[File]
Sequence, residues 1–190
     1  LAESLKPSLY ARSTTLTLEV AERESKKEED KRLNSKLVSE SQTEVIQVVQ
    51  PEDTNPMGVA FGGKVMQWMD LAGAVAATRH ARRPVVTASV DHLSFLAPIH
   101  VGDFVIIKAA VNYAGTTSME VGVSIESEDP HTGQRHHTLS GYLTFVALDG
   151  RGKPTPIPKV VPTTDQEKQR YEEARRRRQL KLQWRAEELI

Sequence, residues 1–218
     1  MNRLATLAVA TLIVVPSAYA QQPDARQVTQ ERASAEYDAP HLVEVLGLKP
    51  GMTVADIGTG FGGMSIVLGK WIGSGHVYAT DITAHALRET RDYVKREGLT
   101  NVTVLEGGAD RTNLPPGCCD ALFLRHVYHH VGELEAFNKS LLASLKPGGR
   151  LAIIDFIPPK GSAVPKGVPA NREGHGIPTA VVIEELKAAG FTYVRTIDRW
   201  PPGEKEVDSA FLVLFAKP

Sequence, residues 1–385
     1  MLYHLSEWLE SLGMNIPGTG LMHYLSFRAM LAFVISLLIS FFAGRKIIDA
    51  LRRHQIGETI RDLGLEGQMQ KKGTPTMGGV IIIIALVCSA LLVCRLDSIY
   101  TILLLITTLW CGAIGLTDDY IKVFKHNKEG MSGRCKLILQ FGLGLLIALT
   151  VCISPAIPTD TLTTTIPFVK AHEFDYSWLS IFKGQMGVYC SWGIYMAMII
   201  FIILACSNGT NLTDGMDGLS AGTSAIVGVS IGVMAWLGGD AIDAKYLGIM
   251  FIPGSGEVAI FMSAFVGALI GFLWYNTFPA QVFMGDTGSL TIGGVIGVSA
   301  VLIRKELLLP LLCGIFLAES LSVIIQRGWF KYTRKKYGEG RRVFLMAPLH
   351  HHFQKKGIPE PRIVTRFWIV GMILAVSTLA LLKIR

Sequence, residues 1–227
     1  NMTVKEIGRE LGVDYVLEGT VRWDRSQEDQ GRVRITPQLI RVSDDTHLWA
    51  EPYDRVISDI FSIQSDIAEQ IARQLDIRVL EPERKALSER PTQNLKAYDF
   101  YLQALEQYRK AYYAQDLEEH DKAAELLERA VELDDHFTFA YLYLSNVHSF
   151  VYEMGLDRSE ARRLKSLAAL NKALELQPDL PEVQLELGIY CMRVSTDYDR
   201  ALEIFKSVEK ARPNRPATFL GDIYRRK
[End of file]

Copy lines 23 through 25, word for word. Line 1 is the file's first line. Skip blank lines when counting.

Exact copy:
    51  EPYDRVISDI FSIQSDIAEQ IARQLDIRVL EPERKALSER PTQNLKAYDF
   101  YLQALEQYRK AYYAQDLEEH DKAAELLERA VELDDHFTFA YLYLSNVHSF
   151  VYEMGLDRSE ARRLKSLAAL NKALELQPDL PEVQLELGIY CMRVSTDYDR